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SICOT e-Newsletter

Issue No. 69 - August 2014

Women in Orthopaedics

The challenges of a female trainee orthopod

Peace Amaraegbulam
SICOT Associate Member - Enugu, Nigeria

The residency training in Orthopaedic Surgery in Nigeria is divided into two parts, with three different examinations organised by two postgraduate examination bodies: the National Postgraduate Medical College of Nigeria and the West African College of Surgeons. The primary examination qualifies you for entry into the residency programme. The first part of the training lasts a minimum of 30 months with rotations through different surgical specialties leading to the Part 1 examination before one starts the orthopaedic training properly. This second part ends with the Fellowship after one has satisfied the panel of examiners in the part 2 examination.

Residency training in Orthopaedic Surgery is a male-dominated field world over, because of the perception among many that the field requires much energy which the female folks may not possess. Female enrolment in this field has therefore always lagged behind that of females in more ‘female-friendly specialties’ like Paediatrics, Anaesthesia, Public Health, and so on. Many of the males do not relate nicely with their female colleagues whom they often regard as being too daring. This attitude and others like it make life a bit difficult for the female orthopaedic trainee. And often, she may have to combine this stress with the domestic stress of running a home.

Being the only female during my time of training, and being interested in ‘extracurricular’ activities like medical politics, made life not so easy. Many of my male colleagues were antagonistic. Some thought I was being overly ambitious, not being satisfied with the more ‘female-friendly’ specialties of practice. For others, the antagonism might have stemmed from some bit of intimidation, based on a biased mindset that I wanted to prove that I could do it. Meanwhile, I was only being myself.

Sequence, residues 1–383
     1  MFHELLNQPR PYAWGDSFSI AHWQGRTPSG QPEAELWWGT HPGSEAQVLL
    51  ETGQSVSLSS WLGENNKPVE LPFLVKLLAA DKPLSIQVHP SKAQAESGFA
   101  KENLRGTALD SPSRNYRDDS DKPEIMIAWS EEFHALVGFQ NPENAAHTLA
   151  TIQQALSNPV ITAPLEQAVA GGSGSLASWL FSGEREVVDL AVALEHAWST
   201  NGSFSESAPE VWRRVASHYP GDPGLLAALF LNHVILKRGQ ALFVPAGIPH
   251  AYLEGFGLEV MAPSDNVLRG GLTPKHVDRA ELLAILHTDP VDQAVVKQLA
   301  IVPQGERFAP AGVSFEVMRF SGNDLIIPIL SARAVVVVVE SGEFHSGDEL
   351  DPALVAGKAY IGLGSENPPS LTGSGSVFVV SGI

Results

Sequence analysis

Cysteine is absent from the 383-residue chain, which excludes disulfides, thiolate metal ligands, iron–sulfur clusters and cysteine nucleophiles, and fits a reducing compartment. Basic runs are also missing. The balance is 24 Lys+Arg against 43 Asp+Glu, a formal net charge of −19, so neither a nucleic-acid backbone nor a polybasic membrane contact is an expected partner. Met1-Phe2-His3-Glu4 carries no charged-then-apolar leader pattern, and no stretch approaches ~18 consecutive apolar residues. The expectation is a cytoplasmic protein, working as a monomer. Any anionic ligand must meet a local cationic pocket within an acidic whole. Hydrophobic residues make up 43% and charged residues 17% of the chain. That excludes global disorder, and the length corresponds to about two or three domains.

The home front was not always easy, but I learnt to adapt. I had to teach my children to read and to work and play on their computers. We learnt to work together, sitting on the same table while I managed to study. Of course, I often got distracted by the bickering and childhood rivalries. I also had to go to bed at the same time as them, and try to get up in the middle of the night to continue my work. Sometimes, I was not so lucky: I slept through the night. But anyway, it was a good compromise to attend to all things.

The most important aspect was getting my husband’s support during the training. Initially, this was not easy as he, being non-medical, often thought I had more allegiance to the profession and to my consultants than to him, the marriage and the children. It took months and years of submissive persistence to convince him otherwise. I am grateful for the advice of a senior female practitioner, though she was not an orthopaedic surgeon herself. She said, “The only support you need is that of your husband. We live in a man’s world and your colleagues may try to pull you down. If you have the home support, you will fly, baby”.

How right she was. The moment I cultivated my husband’s support, how much I soared.

Today, I have qualified as a female orthopaedic surgeon in Nigeria. I have also passed the SICOT Diploma Examination and I have completed some international trainings while hoping to take on some others. I enjoy so much peace and satisfaction.

In the same words, I will also encourage the females to cultivate the one best support: that of the most important person in your life, whether you are married or in a relationship. With that alone, you will excel. Without it, you will be distracted. You have to be focused. Have a vision of the kind of practice you wish to have and consciously work towards it despite any distractions. Refuse to be intimidated by your male colleagues. Be friends with those who would be your friends, and lose no sleep over those who want to push you down. Orthopaedic Surgery may require much stress, but that is the inner strength much more than the physical.

Best wishes to all my orthopaedic sisters worldwide.